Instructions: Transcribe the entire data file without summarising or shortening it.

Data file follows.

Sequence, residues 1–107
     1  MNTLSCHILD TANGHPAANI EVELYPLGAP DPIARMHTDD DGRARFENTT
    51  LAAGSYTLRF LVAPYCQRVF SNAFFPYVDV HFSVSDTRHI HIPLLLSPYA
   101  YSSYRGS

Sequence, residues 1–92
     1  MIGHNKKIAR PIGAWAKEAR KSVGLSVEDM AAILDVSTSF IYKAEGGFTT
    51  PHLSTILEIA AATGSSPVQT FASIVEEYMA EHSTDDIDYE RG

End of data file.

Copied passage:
Sequence, residues 1–107
     1  MNTLSCHILD TANGHPAANI EVELYPLGAP DPIARMHTDD DGRARFENTT
    51  LAAGSYTLRF LVAPYCQRVF SNAFFPYVDV HFSVSDTRHI HIPLLLSPYA
   101  YSSYRGS

Sequence, residues 1–92
     1  MIGHNKKIAR PIGAWAKEAR KSVGLSVEDM AAILDVSTSF IYKAEGGFTT
    51  PHLSTILEIA AATGSSPVQT FASIVEEYMA EHSTDDIDYE RG